There’s a rather simple explanation for the dangers of TZDs, and it’s that it increases cellular uptake of nutrients well beyond their capacity. With type 2 diabetes, we already exceed this capacity, that’s why we have insulin resistance, to protect the cells from even more damage.
Why is it that non diabetics can metabolize all the glucose and all the fat in their blood and be fine, but we can’t, and in fact it’s dangerous for us to do so? Well there’s two reasons why not.
The first reason and the biggest reason by far is that there is simply a lot more glucose and fat being put into our blood versus the amount a non diabetic has. Imagine a diabetic and a non diabetic eating a meal. In a fasting state, the liver will secrete a certain amount of glucose into our blood to maintain normal blood sugar, to keep it from going too low.
In a diabetic, we get this as well, but a lot more extra glucose than is needed to keep our blood sugar normal, enough to keep it high all the time basically.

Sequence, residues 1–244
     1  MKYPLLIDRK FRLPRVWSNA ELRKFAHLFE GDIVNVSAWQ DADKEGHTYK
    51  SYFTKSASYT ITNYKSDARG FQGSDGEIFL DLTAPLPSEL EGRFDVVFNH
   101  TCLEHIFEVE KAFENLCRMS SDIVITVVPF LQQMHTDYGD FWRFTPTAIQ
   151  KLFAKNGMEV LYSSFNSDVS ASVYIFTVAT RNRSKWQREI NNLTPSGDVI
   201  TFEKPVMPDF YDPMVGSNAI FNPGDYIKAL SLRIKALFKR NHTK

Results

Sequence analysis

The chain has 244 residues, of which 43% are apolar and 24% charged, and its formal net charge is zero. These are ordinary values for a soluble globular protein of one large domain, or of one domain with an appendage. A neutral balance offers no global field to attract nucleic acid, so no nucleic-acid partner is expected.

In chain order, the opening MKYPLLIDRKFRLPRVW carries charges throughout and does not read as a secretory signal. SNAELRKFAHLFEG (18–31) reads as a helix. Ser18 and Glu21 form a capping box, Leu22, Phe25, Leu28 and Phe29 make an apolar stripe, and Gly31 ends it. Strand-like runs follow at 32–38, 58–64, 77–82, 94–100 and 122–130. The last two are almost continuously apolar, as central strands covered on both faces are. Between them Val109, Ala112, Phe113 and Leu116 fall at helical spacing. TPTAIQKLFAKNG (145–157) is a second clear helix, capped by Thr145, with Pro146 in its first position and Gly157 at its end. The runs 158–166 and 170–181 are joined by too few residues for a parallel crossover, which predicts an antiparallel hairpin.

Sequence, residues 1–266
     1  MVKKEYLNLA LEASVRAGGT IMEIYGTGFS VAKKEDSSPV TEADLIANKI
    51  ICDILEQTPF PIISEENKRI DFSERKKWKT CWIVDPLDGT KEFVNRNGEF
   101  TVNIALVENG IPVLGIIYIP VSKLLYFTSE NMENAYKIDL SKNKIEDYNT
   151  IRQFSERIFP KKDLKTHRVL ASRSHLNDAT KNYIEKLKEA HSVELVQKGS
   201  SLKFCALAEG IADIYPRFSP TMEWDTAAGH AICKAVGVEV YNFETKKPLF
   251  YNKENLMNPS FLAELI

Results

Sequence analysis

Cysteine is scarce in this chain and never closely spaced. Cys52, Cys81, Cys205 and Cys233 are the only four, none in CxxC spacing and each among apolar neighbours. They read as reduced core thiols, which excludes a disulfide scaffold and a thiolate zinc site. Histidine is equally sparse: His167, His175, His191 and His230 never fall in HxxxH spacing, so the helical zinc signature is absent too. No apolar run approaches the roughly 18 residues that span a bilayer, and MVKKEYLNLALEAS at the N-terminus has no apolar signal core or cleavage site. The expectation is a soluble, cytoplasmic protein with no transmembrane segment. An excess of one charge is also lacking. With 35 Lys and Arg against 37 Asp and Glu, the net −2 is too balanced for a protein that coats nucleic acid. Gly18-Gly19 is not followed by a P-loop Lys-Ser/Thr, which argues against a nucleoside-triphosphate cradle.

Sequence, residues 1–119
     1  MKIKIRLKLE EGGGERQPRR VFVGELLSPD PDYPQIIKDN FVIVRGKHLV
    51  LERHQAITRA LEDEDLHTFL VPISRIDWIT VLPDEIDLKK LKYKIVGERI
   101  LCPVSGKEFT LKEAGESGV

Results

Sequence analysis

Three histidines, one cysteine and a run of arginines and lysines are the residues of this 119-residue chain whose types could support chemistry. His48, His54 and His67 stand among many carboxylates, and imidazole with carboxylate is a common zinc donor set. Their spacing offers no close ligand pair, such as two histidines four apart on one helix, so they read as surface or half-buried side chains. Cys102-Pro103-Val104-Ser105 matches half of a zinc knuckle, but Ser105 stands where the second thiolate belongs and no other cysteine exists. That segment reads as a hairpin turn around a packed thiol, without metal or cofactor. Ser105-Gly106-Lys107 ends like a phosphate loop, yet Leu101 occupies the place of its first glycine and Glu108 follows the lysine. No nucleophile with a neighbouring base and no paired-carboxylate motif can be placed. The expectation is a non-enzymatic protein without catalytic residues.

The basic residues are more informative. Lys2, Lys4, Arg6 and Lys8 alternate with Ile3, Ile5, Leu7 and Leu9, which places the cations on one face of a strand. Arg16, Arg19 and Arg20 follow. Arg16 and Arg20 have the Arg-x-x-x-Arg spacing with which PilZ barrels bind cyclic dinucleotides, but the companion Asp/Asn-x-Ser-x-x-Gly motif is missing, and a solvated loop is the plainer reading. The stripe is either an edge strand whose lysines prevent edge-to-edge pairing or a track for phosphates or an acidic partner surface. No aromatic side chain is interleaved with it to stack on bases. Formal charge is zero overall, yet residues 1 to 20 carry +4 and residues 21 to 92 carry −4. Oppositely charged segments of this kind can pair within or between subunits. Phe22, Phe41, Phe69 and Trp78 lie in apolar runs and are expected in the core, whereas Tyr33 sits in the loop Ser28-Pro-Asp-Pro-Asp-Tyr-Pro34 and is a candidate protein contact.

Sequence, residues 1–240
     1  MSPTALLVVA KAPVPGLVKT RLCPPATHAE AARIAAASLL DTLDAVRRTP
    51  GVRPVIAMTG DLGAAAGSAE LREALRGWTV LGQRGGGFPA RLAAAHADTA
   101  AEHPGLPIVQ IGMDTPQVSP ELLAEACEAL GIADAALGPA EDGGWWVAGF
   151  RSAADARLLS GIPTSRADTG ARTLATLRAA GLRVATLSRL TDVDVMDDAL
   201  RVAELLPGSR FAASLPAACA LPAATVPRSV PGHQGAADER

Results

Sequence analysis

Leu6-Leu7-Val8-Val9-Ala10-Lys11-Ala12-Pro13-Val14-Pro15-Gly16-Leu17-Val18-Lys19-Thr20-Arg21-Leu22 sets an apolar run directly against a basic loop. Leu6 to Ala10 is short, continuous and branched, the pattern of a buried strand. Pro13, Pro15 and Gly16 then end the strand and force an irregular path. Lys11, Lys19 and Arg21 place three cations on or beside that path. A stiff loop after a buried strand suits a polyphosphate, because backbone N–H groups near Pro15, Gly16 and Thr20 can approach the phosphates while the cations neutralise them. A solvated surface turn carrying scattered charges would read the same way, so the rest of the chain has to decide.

So now both people eat the meal. In the non diabetic, this extra glucose is no longer needed, so production shuts down, and will resume again after the glucose in the meal is metabolized and it is needed again to keep our blood sugar from dropping too low.
Guess what happens with the diabetic? This extra glucose production doesn’t shut down, it actually increases. So you have the meal plus all this extra glucose from the liver, the kidneys, and elsewhere being added.
Since insulin levels are high in diabetics, this causes too much fat to be in our blood as well, and the damage to cells that diabetes causes is from both too much glucose, glucotoxicity, and too much fat, lipotoxicity. The body seeks to limit the damage from these excess nutrients in our blood and becomes resistant to being overloaded with them.